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Birth of a Scientist? How to nurture a 'science kid' at home....
Kathy Wingert is a longtime homeschooling mother in Central PA, and she's written several previous articles for our print newsletter Pennsylvania Homeschoolers. I'm proud to have been the family's evaluator throughout their son Daniel's high school years. Daniel is now a graduating senior in the PHAA diploma program, and he has also taken part in a very wide range of our AP Online classes, always showing exceptional interest and involvement and ability. Kathy has also taught a wide range of classes at their area homeschool co-op.
The blanks for “Intended Major” on all of our senior son’s college and scholarship applications are uniformly filled in with the words, “molecular biology.” I didn’t think much about those words until my mother asked me at some point this year what they meant. “Uhhh…,” I stammered. “Er … biology…at the, um, molecular level?” Rest assured I have since figured out that molecular biology is like a traditional biology major except that it includes an extra emphasis on chemistry and physics, but my initial inability to answer my mother’s question glaringly illuminates (like a neon sign in the Antarctic) my personal lack of natural bent towards the sciences and my highly deficient formal educational preparation to teach a kid with such aspirations. I never took high school physics and felt clumsy (and queasy!) when it was time to dissect the earthworm in 10th grade bio. Now, lest you think I am married to a nuclear physicist husband who picked up the slack in our homeschool science studies, think again. He, like me, is a completely right-brained English major.
So, how did we do it? How did we navigate the murky (for us) waters of science--especially the upper level lab ones-- for the 13 years we have homeschooled our son, Daniel, and come out at the end with a kid who has the intellectual passion and necessary academic preparation for rigorous post-high school studies in buildings we never even dared walk through in college? Looking back, here is what I think we, by God’s grace, did right.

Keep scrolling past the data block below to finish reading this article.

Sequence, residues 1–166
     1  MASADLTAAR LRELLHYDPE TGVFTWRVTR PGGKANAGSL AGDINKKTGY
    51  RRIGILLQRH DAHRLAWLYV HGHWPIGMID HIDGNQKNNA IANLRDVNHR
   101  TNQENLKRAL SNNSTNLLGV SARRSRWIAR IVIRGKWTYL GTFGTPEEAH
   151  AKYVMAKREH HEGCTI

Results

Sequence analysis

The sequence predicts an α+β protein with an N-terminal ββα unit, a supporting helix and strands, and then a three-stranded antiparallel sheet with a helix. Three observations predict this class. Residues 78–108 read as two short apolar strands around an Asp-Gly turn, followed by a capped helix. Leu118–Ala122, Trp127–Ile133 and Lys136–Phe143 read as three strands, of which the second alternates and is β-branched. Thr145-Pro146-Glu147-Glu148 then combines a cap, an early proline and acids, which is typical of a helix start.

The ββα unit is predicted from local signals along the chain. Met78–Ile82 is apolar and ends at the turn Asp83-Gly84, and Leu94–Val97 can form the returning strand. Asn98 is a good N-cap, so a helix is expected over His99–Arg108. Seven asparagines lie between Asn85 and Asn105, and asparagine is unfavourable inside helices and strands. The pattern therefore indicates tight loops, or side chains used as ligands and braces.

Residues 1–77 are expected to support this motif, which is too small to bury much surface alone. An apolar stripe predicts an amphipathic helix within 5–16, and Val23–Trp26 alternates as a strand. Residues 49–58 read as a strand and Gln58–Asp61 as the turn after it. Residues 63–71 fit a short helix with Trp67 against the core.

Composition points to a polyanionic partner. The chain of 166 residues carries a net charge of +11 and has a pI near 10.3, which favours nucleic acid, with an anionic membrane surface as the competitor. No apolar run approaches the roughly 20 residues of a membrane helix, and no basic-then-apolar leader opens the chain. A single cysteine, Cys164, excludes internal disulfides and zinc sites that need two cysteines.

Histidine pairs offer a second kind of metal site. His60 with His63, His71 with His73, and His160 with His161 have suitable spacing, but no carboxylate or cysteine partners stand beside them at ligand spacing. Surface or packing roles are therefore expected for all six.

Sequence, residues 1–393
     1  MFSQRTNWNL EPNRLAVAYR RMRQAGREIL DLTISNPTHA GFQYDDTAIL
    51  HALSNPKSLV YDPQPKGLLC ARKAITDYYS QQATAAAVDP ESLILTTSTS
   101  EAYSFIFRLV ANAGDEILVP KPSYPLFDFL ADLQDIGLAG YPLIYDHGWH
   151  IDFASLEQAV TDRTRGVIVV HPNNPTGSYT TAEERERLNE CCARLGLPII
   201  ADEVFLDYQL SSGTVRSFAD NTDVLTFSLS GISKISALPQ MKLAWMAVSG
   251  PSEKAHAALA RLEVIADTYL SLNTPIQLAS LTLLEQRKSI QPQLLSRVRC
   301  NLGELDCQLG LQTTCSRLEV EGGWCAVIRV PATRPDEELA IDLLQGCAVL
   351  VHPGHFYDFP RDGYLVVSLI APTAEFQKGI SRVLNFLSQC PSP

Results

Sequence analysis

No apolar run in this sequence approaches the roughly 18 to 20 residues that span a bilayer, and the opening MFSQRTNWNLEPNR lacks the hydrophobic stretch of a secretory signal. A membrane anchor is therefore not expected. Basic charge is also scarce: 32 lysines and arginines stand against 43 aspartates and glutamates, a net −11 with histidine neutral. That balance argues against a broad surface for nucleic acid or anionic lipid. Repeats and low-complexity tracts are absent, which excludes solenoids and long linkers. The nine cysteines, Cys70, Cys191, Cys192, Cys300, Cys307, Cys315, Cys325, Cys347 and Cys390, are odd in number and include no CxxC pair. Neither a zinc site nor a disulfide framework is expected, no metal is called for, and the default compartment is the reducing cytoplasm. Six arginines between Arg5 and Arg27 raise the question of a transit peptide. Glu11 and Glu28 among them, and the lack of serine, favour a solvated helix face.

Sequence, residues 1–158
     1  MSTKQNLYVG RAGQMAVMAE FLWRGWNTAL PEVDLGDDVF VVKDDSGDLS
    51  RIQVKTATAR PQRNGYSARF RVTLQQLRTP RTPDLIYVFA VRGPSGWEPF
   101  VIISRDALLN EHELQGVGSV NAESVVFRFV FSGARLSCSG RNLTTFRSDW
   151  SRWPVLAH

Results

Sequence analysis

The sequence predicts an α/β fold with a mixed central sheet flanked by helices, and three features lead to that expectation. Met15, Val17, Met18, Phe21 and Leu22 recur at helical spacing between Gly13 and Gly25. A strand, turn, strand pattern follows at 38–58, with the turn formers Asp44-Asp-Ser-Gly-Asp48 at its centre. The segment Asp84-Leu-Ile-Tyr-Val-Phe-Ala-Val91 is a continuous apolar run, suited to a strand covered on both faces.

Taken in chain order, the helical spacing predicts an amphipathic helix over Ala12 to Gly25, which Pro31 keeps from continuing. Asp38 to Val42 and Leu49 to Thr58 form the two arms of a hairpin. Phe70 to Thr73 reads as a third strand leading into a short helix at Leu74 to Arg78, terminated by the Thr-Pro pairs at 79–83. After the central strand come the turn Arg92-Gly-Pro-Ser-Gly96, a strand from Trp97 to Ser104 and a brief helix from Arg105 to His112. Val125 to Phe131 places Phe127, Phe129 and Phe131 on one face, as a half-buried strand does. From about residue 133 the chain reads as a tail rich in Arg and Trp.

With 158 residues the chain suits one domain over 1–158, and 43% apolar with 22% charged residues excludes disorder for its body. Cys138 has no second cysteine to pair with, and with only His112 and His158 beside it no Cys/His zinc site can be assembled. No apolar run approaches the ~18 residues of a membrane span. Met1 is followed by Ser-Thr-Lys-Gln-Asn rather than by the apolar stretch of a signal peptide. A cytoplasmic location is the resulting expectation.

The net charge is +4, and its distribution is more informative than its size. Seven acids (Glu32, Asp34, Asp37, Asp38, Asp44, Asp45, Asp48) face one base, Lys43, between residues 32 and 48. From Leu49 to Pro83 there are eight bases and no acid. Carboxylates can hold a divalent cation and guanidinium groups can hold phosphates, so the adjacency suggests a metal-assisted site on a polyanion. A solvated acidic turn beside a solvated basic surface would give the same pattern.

1) In the early years, we embraced Daniel’s bent and the chance for a “mulligan” in our own educations. By the time Daniel was two, we knew he was a “science guy.” Each day when my husband came home from work, he would shake his head in bewilderment at the monuments remaining from his preschool-aged son’s endeavors that day. There were catapults made from blocks, elaborate pulley systems co-opted from toy fishing rods, and messes—lots of messes—in the kitchen involving water, paper products, and duct tape. (When asked about the messes, Daniel invariably called them “spearmints.”) At this tender age, Daniel was also an astute observer and appreciator of nature-- especially the night sky-- and we found his interest contagious. Through his eyes, and eventually our own, we began to see the wonder in the natural world and seek it out. If there was a December meteor shower at 1 a.m., we were out in the lawn chairs with winter coats thrown over our pjs watching it. When the first snowflakes of the season fell, we ran outside to catch them on black construction paper so we could see their unique designs. If a hurricane brought rip currents to the beach and made it impossible to swim, we scoured the jetties in the biting wind looking for the unbelievable treasures those currents washed ashore. By the time we began officially homeschooling several years later, the world of science was an adventure for him and, happily, for us too.